It “became clear” as fighting raged into its “second week” ? Is that from Dean, too?
Strangely, the book–and the interview with Sawyer–gives very short shrift to Al Rehaief’s role in saving Jessica. She contradicts Al Rehaief’s assertion that he saw interrogators slap her, and that he told her he was going to help her. But, Lynch also admits to being unaware of much of what was happening to her and around her during her captivity, so it’s a little hard to understand why she’s so adamant about rebuffing Al Rehaief’s claims. To date she has not called him or agreed to meet with him (though on The Today Show Wednesday morning, Lynch said she greatly appreciates whatever he did to help and wants to thank him privately, out of the media eye).
In any event, she is clear about one thing, in both the book and the big “get” interview: A Washington Post story about her heroism was fiction. You remember the front-page account of Jessica, which had her spraying bullets into the Iraqis and taking down as many as she could before she slumped to the ground? It soon became clear that story was utterly fabricated. The speculation is, naturally, that the source was someone at the Pentagon. There’s no question that the story never came from Lynch herself, and for repeatedly setting the record straight she deserves credit.
Still, the story helped build the hagiography that surrounds Lynch, and it partly explains why, with all the true stories of heroism and lives lost and saved in Iraq, we have a “Jessica Lynch Week” in the first place. Yes, she’s cute, she’s blond, and she’s young. Those things are all true of Elizabeth Smart too, after all. Though Smart was one of hundreds of stranger kidnappings every year, it was the movie about her ordeal which aired opposite the Lynch movie on Sunday night.
Cute, blond, and young sells.
SISTERS IN ARMS
In the Lynch case, cute, blonde, young, and single is what counts. It meant no one had to tell unpleasant stories about a single mom leaving children behind to go to war. In the NBC movie Lynch’s best friend, single mom Lori Piestewa, who is later killed, has taped pictures of her two young children to the dashboard of the truck she is driving. (Somehow that doesn’t sound like a Hollywood gimmick. It rings true with every mom I know. ) This is who we are deliberately and unnecessarily sending into harm’s way? Single moms with pictures of their young children taped inside their army trucks? NBC probably didn’t realize the ugly questions they were raising with that depiction.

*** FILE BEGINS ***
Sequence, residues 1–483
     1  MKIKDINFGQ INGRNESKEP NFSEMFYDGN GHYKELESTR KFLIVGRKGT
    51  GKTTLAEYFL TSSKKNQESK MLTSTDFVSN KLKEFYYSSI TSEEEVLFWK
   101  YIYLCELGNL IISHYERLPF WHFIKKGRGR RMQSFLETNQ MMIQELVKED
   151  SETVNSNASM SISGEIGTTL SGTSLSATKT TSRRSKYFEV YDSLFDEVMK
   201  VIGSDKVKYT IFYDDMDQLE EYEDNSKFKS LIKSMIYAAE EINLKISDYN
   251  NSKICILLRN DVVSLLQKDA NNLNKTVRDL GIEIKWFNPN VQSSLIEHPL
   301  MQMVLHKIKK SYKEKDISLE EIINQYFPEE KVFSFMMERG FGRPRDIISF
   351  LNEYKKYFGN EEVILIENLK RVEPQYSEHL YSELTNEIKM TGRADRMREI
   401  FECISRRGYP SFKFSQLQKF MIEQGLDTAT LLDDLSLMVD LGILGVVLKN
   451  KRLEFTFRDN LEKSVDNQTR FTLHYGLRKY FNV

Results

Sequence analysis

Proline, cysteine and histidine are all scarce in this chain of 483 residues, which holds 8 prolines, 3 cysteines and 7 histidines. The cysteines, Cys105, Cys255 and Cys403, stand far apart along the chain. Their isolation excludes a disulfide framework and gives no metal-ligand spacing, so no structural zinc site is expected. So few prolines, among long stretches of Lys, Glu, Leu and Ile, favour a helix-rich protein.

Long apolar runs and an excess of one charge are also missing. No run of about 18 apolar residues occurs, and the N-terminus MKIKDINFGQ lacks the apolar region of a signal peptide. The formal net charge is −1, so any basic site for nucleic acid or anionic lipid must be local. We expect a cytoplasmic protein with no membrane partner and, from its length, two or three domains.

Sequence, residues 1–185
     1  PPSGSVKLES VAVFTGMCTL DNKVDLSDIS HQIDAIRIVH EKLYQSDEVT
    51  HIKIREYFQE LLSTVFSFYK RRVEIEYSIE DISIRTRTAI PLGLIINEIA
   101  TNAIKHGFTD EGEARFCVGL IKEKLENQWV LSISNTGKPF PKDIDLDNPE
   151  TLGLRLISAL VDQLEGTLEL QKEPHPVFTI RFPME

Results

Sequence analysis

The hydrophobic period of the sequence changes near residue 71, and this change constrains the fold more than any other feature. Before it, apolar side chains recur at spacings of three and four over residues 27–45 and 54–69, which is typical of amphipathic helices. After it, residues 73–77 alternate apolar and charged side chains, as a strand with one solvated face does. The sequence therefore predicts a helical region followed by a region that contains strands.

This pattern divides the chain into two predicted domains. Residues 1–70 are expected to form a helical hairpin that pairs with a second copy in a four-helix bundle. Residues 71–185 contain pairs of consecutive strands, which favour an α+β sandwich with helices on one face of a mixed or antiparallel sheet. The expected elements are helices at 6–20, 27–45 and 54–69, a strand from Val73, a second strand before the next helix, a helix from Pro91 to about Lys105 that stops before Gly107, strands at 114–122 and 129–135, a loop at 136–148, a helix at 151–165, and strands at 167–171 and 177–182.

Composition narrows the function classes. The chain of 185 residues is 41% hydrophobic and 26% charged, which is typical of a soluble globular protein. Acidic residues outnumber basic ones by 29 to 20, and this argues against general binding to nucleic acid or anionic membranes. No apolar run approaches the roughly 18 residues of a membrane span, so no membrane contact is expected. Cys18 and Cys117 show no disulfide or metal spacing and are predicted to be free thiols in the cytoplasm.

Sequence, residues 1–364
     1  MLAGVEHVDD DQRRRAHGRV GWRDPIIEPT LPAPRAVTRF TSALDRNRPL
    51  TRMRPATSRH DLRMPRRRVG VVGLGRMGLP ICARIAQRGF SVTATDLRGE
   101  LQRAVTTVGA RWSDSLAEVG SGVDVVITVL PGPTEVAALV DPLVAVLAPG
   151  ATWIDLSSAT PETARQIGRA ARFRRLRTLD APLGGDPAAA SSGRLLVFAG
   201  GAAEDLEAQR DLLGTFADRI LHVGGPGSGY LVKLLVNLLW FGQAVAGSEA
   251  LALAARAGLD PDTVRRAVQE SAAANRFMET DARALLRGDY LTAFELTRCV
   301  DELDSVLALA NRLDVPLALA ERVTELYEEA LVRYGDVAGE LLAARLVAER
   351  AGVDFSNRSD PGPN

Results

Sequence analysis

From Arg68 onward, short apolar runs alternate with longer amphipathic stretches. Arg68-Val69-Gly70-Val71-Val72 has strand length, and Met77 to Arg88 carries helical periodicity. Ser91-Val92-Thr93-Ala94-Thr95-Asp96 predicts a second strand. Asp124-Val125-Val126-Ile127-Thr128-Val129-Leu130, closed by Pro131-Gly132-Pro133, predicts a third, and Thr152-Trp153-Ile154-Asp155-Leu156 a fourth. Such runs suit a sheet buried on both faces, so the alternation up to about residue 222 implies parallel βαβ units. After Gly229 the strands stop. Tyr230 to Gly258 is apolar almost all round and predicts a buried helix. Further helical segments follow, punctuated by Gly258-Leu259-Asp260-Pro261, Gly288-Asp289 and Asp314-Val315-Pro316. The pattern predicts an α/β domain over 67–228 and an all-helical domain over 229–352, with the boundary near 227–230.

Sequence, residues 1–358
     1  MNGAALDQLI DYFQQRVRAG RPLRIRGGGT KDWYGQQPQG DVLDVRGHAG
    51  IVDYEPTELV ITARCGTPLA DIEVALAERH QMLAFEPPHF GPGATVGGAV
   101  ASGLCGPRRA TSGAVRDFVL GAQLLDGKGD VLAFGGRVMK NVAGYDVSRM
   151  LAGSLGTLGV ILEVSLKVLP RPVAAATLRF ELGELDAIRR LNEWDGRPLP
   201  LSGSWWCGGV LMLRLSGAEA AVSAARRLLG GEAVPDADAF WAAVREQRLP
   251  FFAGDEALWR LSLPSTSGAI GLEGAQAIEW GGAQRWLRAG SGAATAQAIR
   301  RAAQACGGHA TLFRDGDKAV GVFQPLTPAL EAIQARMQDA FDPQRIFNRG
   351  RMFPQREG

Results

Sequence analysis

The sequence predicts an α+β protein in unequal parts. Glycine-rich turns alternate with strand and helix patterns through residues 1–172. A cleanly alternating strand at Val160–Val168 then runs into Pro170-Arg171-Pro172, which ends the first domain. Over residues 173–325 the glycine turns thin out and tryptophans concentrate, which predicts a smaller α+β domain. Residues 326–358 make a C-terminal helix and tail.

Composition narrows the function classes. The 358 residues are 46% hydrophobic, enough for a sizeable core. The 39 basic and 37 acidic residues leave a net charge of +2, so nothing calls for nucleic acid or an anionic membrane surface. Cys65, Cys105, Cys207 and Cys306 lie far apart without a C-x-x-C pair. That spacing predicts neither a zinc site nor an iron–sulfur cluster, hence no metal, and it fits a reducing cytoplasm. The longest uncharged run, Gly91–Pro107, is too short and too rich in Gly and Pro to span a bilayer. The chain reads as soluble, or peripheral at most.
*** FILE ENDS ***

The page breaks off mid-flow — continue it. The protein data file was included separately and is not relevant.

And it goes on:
Or what about single mom Casaundra Grant, who lost her legs in Iraq after they were pinned under a tank? Who has even heard of her? Where is the Shoshana Johnson story, also a POW, later rescued, and a single mom with little ones? Even Hollywood knows that the “single-warrior-mom-with-little-kids” angle just doesn’t quite sit right with mainstream America.
No kidding. An early CNBC news report cited Iraqi eyewitnesses saying they saw Lynch being tortured. But, when the New York Post online quoted that report the next day, the “torture” line was gone. Americans just don’t want to hear about it.
But because Lynch avoided some of those unpleasantries, her story was easy. Lynch says the army used her to promote the war. Wrong. Feminists, more than anyone, used it to advance their “I-am-woman-hear-me-roar” and “I-can-do-anything-better-than-you” mentality.
More specifically, feminists, well represented within the military establishment itself, used her story to advance their cause of integrating women deeper into the frontlines of combat. In fact, the capture of American women by Iraqis was hailed by American feminists as a major advance for the gentler sex. Before POW Shoshana Johnson was even rescued, the New York Times praised her in an editorial for helping to break the “glass ceiling” of women in the military. They concluded her capture proved women could and should be put into even more dangerous combat positions. What?
After Lynch’s rape revelation, I heard one feminist commentator claim that as awful as it is, it should not be used to keep women from serving in the frontlines of America’s military. Why the heck not? As Elaine Donnelly, president of the Center for Military Readiness, points out, “women face a greater risk than do men of brutality, including rape, if they are captured by the enemy.” This is not rocket science. Has anybody heard the term “raping and pillaging” used in warfare before? Yes, if the Fedayeen are coming up my driveway, my daughters and I will fight them to the end. But the notion that we would deliberately, and unnecessarily, be put in their crosshairs is not an idea a civilized nation should tolerate.
But it is being tolerated–even promoted and celebrated. And that may be, more than anything else, what Jessica Lynch Week is all about.
–Betsy Hart writes a weekly nationally syndicated column for the Scripps Howard News Service and is currently writing a book for Penguin, Parenting Without Fear: How to Parent in a Culture Which Tells You Not To.